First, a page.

125 years automobiles – Stuttgart 2011

An old Audi

An old Audi

This year Stuttgart celebrates the 125th birthday of automobiles. Mercedes-Benz, Porsche and Audi especially in Stutti’s case of course. Last weekend I happened to be in Stuttgart and had two days the chance to take a look. On sunday there was the “Autokorso 2011”, where all the cars drive in a parade through the city and ended on the “Schloßplatz”.
I’ve uploaded my pics into my Flickr-account here, I’m only too lazy to name every single picture.

Haikyo [Urban ruins]

One of my favorite blogs is Gakuranman‘s Blog. Why? I’m not sure, but very likely simply because he seems to have managed taking the step into a new surrounding (from the UK to Japan is quite a different world), find a good job (on the JET Programme in Japan) and has learned the language in about 9 years (he has passed the JLPT level 1 recently).
So, yes, I am jealous 😉
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The anthrax-dealers

For some reason – yet unknown to me – I have always been fascinated and intrigued by international politics, relations between countries (who-does-what-to-whom-and-why) and, as some kind of spezialisation – the history of ABC-weapons (atomic, biological and chemical). My first account in this area was during my study (chemical-engineering), when I held a lecture about the negative sides of our (= the students’) knowledge, namely the history of chemical warfare.
I won’t repeat the whole lecture (of course our teacher had to cut me off, because I had exceeded the time-limit), but I think most of you will know the basics: the Greeks & Romans already threw infected corpses into the enemy-camps, so did the Europeans in the Middle-ages with plague-infected corpses. But the first mass-scale use of chemical warfare was during WW-I on the Belgian and French battlefields, where both German and Brittish armies started using chlorine-gas, phosphor and mustardgas (a.k.a. Yperiet, because it was used near the town of Iper for the first time). The results are well-known. I think.

I am digressing, sorry! Well, at least that proves my fascination with the ‘subject’…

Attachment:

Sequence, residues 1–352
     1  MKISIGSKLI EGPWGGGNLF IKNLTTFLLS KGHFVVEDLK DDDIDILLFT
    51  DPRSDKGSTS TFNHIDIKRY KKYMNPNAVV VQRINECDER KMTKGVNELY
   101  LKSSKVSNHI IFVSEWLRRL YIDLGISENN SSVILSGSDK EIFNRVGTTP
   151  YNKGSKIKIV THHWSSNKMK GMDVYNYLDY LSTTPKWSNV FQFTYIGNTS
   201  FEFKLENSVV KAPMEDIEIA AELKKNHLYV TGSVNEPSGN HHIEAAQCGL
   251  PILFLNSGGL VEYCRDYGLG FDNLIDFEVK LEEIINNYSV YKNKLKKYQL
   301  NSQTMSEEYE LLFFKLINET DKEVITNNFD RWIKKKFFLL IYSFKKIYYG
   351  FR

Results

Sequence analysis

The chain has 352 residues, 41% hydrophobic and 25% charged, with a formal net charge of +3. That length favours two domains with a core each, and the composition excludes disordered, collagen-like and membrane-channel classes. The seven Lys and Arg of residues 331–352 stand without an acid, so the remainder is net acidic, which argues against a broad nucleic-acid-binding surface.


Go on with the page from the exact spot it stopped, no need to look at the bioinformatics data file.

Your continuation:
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August 6th

Today, August the 6th, is – as you all will know – the 65th anniversary of the day when the A-bomb was dropped on the city of Hiroshima. It’s not up to me to judge on whether it was justified to drop the A-bomb or not. I can only express how I experienced my visit to the city and especially the memorial site at Ground Zero in October last year. I had visited Nagasaki two days before, so I had been prepared a little bit. I had decided to not go to the memorial site the first day, because I have learned that I need time to prepare and to recover. That may sound rather exaggerated, but believe me: it isn’t.

Hiroshima now is a lively and very open city. Of course the people living in Hiroshima have had to get used to millions and millions of people visiting the city, but they are still very, very friendly. I admit that, while walking in the city and seeing an elderly man or woman, I was thinking “Was he here? Did she survive here? Did they experience it all?” and was on the verge of saying something really stupid like “I’m sorry”.
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Waltz with Bashir….

Waltz with BashirToday I treated myself to a new DVD: Waltz with Bashir by Ari Folman. It was one of the jewels on the FFF (Fantasy Film Fest) in Berlin a few years ago. And now, after seeing the film a second time, I remember the first time I saw the film in the cinema: normally during any film, there’s always some noise made in the cinema: people coughing, eating from a bag of crisps, or just whispering to each other. But during the last 5 or 10 minutes of the film there was absolute SILENCE in the cinema…. I’ve never experienced such a thing before!! Very impressive!

The film is shown as a comic (except some parts of it), and that has been done quite brilliantly. I won’t tell you the whole story or the ending of the film, of course. But let me just tell you I consider this film as a basic part of any general education, no matter what your beliefs or what politic side you’re on. Just be aware: it is not a family-movie! I cannot see the film without shedding a few tears….

How he has entangled the psychology, the fears and the most-private feelings in the film, I find that very impressive…

Marie-Antoinette 2.0

The plane from Helsinki to Tegel left with only 20 min delay. And “due to the exceptional circumstances we were not provided with lunch today, so we are very sorry to be only able to serve drinks and cake”. Someone must have read his classics: “If they don’t have bread then let them eat cake instead!”.
I’ll make the sacrifice…. but only this one time!